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Limiting single-use plastic not good enough; it’s time phase it out | COMMENTARY

China has announced it will stop the production and sale of all single-use plastic bags and straws and other utensils in major cities by the end of the year, and then work to cut all disposable plastic by 2025, except for bioplastic that can be composted.
China has announced it will stop the production and sale of all single-use plastic bags and straws and other utensils in major cities by the end of the year, and then work to cut all disposable plastic by 2025, except for bioplastic that can be composted. (Ricardo DeAratanha/Los Angeles Times/TNS)

I’m one of many Baltimoreans struggling to combat the plastic pollution crisis through my everyday actions, and, I’d like to say on our collective behalf: We’re beyond frustrated. No matter how hard we try, it is impossible to avoid single-use plastic.

Take food delivery services, for example. At least one of the apps primarily used for restaurant delivery in Baltimore has a default for all orders: no plastic utensils included. If customers want plastic cutlery, they have to check a box. I was thrilled that this national company had done something that could prevent countless single-use plastic items from polluting our environment. Yet, 95% of the time I order, restaurants still throw in a plastic fork, knife and spoon that will likely exist for centuries even though I didn’t need it. You’ve probably had a similar experience if you’ve ever asked for no straw at a restaurant.

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The point is, consumers want change, but we can only do so much. It’s not even enough for national food delivery apps to limit single-use plastic. What we need is policy change — now.

And I’m not talking about policies that prioritize recycling and recycled plastic. Despite the plastics industry convincing consumers for decades that plastic pollution would disappear if they just recycled more effectively, the truth is in the numbers. Only 9% of all the plastic waste ever generated has been recycled, and much of our plastic isn’t recyclable anyway.

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Even with improvements to the system, recycling will never be able to keep up with plastic production, which is expected to quadruple between 2014 and 2050. To put it into perspective: Recycling is like trying to mop water from an overflowing bathtub while the faucet is still running. We need to turn off the faucet and reduce the production of single-use plastic.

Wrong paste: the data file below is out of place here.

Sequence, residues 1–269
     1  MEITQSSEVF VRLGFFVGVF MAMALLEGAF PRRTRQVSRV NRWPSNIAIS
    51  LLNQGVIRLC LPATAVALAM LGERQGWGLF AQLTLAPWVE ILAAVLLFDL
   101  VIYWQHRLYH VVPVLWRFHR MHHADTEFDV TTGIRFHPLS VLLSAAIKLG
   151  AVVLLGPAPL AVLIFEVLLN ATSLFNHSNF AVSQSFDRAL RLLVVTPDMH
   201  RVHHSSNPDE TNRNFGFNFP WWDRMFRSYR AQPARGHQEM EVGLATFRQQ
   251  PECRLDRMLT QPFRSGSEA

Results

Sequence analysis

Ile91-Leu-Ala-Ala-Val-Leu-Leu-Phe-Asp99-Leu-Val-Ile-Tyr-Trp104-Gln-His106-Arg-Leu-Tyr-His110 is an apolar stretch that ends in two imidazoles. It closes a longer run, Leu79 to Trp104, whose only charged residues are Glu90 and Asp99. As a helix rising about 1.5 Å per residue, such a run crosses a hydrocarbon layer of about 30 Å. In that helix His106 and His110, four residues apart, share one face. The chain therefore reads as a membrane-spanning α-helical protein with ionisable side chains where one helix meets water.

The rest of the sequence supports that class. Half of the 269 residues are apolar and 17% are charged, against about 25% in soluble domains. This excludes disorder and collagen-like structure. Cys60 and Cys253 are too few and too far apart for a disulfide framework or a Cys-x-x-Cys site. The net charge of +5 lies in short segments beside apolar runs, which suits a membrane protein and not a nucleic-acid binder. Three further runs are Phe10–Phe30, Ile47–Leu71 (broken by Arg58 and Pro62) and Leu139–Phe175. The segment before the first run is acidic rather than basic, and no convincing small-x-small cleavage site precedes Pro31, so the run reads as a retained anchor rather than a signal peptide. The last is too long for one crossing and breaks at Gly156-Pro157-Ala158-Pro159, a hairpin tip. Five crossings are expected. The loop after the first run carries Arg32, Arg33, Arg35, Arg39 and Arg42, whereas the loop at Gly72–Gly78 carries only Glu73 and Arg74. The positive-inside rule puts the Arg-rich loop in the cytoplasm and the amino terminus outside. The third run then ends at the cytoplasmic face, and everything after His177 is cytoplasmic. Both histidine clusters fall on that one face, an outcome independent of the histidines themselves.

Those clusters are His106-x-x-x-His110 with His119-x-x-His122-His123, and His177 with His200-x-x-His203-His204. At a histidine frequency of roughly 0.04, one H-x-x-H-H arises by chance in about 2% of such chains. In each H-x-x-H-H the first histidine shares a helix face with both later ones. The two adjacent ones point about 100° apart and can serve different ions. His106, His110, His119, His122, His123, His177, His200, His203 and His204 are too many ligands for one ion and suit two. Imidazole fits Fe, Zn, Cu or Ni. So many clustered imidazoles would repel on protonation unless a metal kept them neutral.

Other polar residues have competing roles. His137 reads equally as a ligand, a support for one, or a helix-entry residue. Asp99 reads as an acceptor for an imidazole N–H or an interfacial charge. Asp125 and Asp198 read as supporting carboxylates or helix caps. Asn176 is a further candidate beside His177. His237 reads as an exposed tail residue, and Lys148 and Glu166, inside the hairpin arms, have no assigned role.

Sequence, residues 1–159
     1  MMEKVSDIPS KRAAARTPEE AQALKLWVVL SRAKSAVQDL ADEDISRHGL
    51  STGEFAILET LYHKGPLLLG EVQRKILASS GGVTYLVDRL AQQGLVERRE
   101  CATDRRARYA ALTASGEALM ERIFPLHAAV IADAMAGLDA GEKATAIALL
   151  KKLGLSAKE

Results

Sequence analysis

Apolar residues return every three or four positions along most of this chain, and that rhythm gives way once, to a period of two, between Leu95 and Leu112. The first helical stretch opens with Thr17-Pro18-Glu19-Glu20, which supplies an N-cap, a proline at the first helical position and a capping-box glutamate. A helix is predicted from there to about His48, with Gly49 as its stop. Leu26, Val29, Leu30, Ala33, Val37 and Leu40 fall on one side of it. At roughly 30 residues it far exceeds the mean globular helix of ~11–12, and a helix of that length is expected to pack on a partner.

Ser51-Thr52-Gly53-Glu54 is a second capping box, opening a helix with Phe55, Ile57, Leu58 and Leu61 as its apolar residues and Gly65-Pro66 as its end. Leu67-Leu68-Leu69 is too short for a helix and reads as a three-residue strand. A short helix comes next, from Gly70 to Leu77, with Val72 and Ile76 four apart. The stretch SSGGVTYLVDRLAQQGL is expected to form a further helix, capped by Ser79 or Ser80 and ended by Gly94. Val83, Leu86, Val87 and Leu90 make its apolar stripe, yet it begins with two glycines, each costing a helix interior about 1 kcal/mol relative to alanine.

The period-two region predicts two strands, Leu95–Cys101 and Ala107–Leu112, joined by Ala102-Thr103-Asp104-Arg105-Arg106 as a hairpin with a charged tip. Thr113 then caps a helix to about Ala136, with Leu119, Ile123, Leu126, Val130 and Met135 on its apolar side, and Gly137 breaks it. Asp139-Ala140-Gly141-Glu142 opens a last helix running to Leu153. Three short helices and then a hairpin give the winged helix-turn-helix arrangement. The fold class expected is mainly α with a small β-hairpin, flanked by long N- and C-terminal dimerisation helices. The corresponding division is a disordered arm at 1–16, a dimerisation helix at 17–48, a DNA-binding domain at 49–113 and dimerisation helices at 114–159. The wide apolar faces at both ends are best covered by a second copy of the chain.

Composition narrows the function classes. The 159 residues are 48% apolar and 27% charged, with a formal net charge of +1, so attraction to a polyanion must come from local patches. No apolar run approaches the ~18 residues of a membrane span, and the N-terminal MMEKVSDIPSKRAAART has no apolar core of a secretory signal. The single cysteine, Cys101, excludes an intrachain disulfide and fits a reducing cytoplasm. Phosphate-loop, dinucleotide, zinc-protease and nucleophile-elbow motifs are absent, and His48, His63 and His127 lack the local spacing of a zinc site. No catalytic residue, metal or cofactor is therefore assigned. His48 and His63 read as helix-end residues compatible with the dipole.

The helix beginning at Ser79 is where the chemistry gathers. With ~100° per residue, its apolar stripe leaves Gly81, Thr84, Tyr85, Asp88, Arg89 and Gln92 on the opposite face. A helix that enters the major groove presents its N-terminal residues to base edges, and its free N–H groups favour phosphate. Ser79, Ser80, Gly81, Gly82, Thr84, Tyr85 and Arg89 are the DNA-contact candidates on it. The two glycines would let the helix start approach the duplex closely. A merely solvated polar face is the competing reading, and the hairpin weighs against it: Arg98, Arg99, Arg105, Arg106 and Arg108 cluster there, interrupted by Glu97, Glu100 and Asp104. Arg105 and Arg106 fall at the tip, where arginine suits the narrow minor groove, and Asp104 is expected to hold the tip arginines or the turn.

Local, state and federal policies are essential to ensure companies cut back on unnecessary single-use plastic altogether and start shifting toward reusable and refillable alternatives. Baltimore’s plastic bag ban that was recently pushed back, yet again, is an important step forward, but it’s going to take more comprehensive policies to reverse this crisis. Regulating single-use plastics is a critical starting point.

Single-use plastics are flawed by design: They use a material made to last forever but are designed to be thrown away, and are sometimes only used for a few moments before polluting the Earth for years to come. Today, nearly 40% of the plastic produced annually is for single-use plastics and packaging, and unsurprisingly that’s what we’re seeing on our beaches too. The top 10 most common waste items found in worldwide coastal cleanups are single-use plastic products, including food wrappers, beverage bottles, straws, stirrers, grocery bags and takeout containers.

Roughly 33 billion pounds of plastic enter the ocean every year — that’s like dumping two garbage trucks full of plastic into the oceans every minute. About 900 marine species, including many endangered species, are affected by it. We’re seeing this right here in the Chesapeake Bay. The EPA just released a risk assessment showing microplastics could be a threat to striped bass — one of the bay’s most iconic fish — as well as the people who eat them.

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The problem goes beyond seafood. Every one of us is eating, breathing and drinking plastic. It’s been found in everything from our produce and meat to our packaged foods and even beer.

Thankfully, federal lawmakers have outlined a plan. The Break Free From Plastic Pollution Act would phase out unnecessary single-use plastic, put a pause on new plastics facilities, protect the low-income minority communities being most affected by plastic’s pollution, and more.

Baltimore federal elected officials Sen. Chris Van Hollen and Reps. Dutch Ruppersberger and John Sarbanes have already co-sponsored this important legislation, but Sen. Ben Cardin and Rep. Kweisi Mfume have yet to sign on. We’re at a pivotal point in our planet’s history. Let’s stop relying on inadequate solutions and urge our elected officials to effectively combat this environmental crisis before it’s too late.

Melissa Valliant (mvalliant@oceana.org) is senior communications manager for Oceana.

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